Liked by 2 people

  2. Dear Colin,

    Delighted to learn that you are back home, now you must give yourself time to make a full recovery !
    How you were able to think about art and poetry at a time like this is amazing .

    Say no more at the time being, as, you will need rest.

    John Gonzalez

    Liked by 2 people

  3. I believe you said it, there was too much going on for the penning of a haiku, from that point, the rest becomes muddy. If I said you were inspired that doesn’t mean I know what that is, but we use words to get at things. I’ve always felt since way back when poetry became something I did that it was all some formula, some mathematical construct that begins with a buzz, but This is something too subjective to help with the question. As a teacher I would try and create an impression strong enough so that the class would become interested and then keep going until something new arrived. I’m not sure how or why any of that works but maybe there is some reciprocal energy that an area of the human organism leans toward, or is attracted to. One of my professors would say write a poem about winter and bring it in tomorrow. This caused intense anxiety at first and my immediate reaction was, this is a bunch of crap! The day would weary on but after much consternation, a line would appear. The idea here is the poem has already written itself and all a person has to do it become an architect, which is not easy, again this returns us to writing. If you want to write poems, you have to be nuts and to be nuts you have to know and even enjoy failure. But you’ve been writing poems for a very long time and its become a formula of infinite possibilities but a formula nonetheless, it’s the Blundell Method, which is inscrutable to others.

    Haiku remains in its own separate consciousness, it has a different buzz but a deceptively simple equation, one must be able to SEE like a mystic or some other magi, in order to penetrate nature’s secrets and nature doesn’t give up her secrets easily. Simple as in silence, silence as in Being, and Being is.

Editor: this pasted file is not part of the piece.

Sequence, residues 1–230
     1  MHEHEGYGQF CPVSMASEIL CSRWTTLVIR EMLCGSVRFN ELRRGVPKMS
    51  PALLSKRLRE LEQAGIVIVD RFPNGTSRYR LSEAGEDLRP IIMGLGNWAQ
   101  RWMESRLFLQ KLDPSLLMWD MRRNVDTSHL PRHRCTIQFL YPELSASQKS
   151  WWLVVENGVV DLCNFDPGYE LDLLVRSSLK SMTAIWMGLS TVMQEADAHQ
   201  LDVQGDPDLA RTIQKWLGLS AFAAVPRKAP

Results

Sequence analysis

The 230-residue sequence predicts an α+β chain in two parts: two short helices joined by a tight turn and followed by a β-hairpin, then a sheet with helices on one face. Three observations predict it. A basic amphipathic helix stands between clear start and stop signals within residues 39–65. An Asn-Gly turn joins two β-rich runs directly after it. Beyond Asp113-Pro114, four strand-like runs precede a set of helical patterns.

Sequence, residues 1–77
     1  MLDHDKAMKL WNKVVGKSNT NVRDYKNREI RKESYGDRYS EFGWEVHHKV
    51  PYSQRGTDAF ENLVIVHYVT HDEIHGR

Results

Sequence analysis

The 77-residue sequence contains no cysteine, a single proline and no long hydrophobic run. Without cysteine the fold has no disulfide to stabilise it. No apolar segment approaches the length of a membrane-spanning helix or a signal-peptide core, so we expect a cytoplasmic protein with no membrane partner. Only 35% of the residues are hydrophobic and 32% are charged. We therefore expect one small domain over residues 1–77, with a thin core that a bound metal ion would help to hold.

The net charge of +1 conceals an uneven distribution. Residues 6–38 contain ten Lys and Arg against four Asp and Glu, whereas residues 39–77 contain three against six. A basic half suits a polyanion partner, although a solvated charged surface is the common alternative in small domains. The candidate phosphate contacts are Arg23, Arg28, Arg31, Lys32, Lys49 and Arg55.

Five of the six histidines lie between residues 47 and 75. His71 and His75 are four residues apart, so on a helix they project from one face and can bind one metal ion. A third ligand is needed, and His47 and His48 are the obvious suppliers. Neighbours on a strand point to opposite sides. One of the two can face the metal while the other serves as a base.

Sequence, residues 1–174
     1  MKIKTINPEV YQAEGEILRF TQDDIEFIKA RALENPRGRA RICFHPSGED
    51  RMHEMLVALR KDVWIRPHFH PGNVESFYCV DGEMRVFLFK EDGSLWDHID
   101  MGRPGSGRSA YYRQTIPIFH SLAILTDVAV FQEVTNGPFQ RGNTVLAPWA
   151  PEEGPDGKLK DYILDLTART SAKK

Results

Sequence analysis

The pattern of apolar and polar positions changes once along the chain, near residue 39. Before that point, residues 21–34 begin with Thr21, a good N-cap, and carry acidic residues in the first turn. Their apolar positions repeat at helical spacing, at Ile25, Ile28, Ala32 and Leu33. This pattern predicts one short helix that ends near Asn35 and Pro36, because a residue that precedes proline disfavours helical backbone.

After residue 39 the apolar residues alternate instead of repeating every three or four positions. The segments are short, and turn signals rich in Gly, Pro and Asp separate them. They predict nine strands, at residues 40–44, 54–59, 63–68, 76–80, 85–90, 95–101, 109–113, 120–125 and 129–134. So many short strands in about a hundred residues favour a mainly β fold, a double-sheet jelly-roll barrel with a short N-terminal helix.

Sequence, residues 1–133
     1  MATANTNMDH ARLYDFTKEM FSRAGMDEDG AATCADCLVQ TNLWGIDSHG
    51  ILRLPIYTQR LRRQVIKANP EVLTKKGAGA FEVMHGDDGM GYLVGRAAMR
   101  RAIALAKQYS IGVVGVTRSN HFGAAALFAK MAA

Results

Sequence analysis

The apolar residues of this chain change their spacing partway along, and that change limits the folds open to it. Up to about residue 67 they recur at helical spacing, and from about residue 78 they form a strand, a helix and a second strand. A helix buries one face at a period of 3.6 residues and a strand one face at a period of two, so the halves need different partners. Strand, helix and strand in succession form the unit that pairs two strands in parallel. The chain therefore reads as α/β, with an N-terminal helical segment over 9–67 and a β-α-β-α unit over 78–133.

Liked by 1 person

    1. Excellent, Patrick! There is a personal formula or theorem that must come from within.

      What you say is the reason why I find all these ‘Creative Writing Teachers’ exceedingly suspect – it’s a money-making swindle. Growth Industry.

      A bit of a charlatan friend (nevertheless) of mine came on a summerday haiku/sumi-e thing I ran last year. Her comment at the end was something like she’d been teaching haiku for twenty years but never really understood what it was about till now! At least she was being honest.

      I bet Shakespeare never went on a Creative Writing Course.

      Liked by 1 person

  4. Who’s Shakespeare? Even though I’m being glib I don’t think that question is too far fetched these days considering the state of things, all these e-gadgets and the kids don’t really read these days, but saying all that I am attracted to their dismissive attitude and their wonderful disregard for Capitalism, God bless em!

    We should’ve taught a class together, what a hoot that would’ve been, but we probably already did that in another lifetime. Best wishes and hopefully Janet is doing well with her nursing duties. A woman’s work is never done, Trina’s knee has taught me a lot about being a gruff old man, there’s always more to add to our repertoire of caring for others and my beautiful wife has been a superb teacher. Love, Patrick

    Liked by 2 people

  5. So sorry to learn of your fall and hospitalization, Colin. And yet, true to the profoundly creative person you are, you’ve managed to create art even from such a distressing series of events. You may never had needed to take one of those creative writing courses you think so poorly of, but you most certainly could teach a damned good one yourself! May you continue to heal, and of course may you continue to create.

    Liked by 1 person

  6. Thanks, Tom. Life goes on! I haven’t got time to be in a distressed state. At least I can now lay down at night on my right hand side so things are progressing a bit. Still practising flying though – life is creativity…

    Liked by 1 person